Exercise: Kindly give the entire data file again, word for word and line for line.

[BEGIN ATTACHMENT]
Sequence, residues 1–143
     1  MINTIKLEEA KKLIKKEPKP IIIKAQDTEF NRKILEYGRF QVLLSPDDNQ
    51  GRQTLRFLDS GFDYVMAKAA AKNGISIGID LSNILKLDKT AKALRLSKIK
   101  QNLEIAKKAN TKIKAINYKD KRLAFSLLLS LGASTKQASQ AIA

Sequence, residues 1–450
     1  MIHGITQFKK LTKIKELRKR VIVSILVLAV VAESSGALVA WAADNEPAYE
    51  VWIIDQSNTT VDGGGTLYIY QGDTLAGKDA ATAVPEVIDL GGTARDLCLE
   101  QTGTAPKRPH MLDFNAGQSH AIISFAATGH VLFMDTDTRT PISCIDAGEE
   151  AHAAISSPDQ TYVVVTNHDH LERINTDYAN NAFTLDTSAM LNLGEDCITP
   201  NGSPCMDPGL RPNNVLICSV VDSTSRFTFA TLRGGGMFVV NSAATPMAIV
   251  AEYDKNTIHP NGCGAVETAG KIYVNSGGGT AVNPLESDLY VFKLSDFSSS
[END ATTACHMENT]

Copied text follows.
Sequence, residues 1–143
     1  MINTIKLEEA KKLIKKEPKP IIIKAQDTEF NRKILEYGRF QVLLSPDDNQ
    51  GRQTLRFLDS GFDYVMAKAA AKNGISIGID LSNILKLDKT AKALRLSKIK
   101  QNLEIAKKAN TKIKAINYKD KRLAFSLLLS LGASTKQASQ AIA

Sequence, residues 1–450
     1  MIHGITQFKK LTKIKELRKR VIVSILVLAV VAESSGALVA WAADNEPAYE
    51  VWIIDQSNTT VDGGGTLYIY QGDTLAGKDA ATAVPEVIDL GGTARDLCLE
   101  QTGTAPKRPH MLDFNAGQSH AIISFAATGH VLFMDTDTRT PISCIDAGEE
   151  AHAAISSPDQ TYVVVTNHDH LERINTDYAN NAFTLDTSAM LNLGEDCITP
   201  NGSPCMDPGL RPNNVLICSV VDSTSRFTFA TLRGGGMFVV NSAATPMAIV
   251  AEYDKNTIHP NGCGAVETAG KIYVNSGGGT AVNPLESDLY VFKLSDFSSS